Sec. of Agriculture: Every Spotted Lanternfly egg mass not destroyed is ’50 more’ next spring

Pennsylvania

Courtesy of the Pa. Dept. of Agriculture

HARRISBURG — On Thursday, Agriculture Secretary Russell Redding reminded Pennsylvanians of the importance of vigilance against the Spotted Lanternfly.

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This time of year is when bugs begin laying eggs on flat surfaces to hatch in the spring.

“Every Spotted Lanternfly egg mass not scraped and destroyed now is up to 50 more of these invasive, destructive bugs we can expect to hatch next spring,” Redding said. “We need every Pennsylvanian to hunt for egg masses this fall and winter and destroy them – or we’re in for a scary spring.”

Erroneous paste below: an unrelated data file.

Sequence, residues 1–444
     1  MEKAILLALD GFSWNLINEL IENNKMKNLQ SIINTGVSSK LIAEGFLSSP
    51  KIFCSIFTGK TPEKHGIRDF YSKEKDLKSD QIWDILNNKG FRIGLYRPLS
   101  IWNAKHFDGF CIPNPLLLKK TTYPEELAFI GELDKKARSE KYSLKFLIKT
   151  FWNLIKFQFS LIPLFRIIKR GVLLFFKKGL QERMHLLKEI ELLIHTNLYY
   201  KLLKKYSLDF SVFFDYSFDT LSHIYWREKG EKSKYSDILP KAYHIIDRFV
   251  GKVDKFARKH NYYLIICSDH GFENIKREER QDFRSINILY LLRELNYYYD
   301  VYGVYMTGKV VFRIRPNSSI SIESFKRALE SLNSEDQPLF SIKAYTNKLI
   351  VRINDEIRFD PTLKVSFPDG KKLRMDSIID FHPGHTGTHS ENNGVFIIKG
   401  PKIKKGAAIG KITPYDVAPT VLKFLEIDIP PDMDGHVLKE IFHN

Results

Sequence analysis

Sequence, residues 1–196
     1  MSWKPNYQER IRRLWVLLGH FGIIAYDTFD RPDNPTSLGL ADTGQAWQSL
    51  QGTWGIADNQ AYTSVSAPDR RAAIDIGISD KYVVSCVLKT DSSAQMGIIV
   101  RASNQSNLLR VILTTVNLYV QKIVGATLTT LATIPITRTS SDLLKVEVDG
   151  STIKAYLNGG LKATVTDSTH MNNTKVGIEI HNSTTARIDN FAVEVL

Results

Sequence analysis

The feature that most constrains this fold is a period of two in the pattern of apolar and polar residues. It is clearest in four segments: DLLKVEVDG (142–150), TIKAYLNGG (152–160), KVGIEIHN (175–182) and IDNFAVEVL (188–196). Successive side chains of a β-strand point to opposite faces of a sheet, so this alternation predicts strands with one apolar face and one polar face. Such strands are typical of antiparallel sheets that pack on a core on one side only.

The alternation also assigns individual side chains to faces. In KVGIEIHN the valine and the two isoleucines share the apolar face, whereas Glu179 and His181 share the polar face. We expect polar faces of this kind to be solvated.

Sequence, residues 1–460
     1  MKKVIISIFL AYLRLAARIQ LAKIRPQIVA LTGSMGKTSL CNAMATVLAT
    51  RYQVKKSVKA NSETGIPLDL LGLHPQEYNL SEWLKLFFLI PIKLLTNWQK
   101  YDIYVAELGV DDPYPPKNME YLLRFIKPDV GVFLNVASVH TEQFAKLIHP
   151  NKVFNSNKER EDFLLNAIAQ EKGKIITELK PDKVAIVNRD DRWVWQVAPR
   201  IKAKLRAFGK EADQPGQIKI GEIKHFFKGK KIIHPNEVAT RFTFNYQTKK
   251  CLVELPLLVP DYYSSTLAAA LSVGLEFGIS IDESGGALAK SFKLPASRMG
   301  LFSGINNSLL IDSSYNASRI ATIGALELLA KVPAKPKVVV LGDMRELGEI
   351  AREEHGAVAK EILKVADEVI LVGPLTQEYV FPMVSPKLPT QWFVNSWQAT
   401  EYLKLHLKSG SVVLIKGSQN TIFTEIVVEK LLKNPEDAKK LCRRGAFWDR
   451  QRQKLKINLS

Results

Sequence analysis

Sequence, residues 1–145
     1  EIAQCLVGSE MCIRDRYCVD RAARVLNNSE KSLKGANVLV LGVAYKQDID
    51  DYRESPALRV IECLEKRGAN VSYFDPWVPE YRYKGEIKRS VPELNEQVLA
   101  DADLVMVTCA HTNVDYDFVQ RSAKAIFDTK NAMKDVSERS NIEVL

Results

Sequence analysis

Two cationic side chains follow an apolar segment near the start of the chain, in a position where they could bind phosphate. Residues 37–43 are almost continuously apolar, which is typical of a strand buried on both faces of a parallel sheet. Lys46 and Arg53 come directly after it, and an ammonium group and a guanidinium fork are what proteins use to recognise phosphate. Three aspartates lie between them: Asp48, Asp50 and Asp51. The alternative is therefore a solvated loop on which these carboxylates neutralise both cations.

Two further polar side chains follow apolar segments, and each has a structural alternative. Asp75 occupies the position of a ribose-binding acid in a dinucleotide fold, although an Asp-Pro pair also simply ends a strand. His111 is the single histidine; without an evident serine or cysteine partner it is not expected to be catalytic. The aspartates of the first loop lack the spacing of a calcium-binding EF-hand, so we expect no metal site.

The Spotted Lanternfly is an inch-long black, red, and white insect native to Southeast Asia and first identified in Pennsylvania in 2014. The invasive insect feeds on plants and crops produced in the state, such as grapes, tree fruit, and hardwoods.

Pennsylvanians are encouraged to report sightings of the insect through the online reporting tool or by calling a hotline at 1-888-4BAD-FLY.

A Spotted Lanternfly Business Toolkit is available to help operations learn about why the spotted lanternfly is bad, how the quarantine works, if they need a permit, and the responsibilities of holding a permit.

For more information on Spotted Lanternfly, click HERE.

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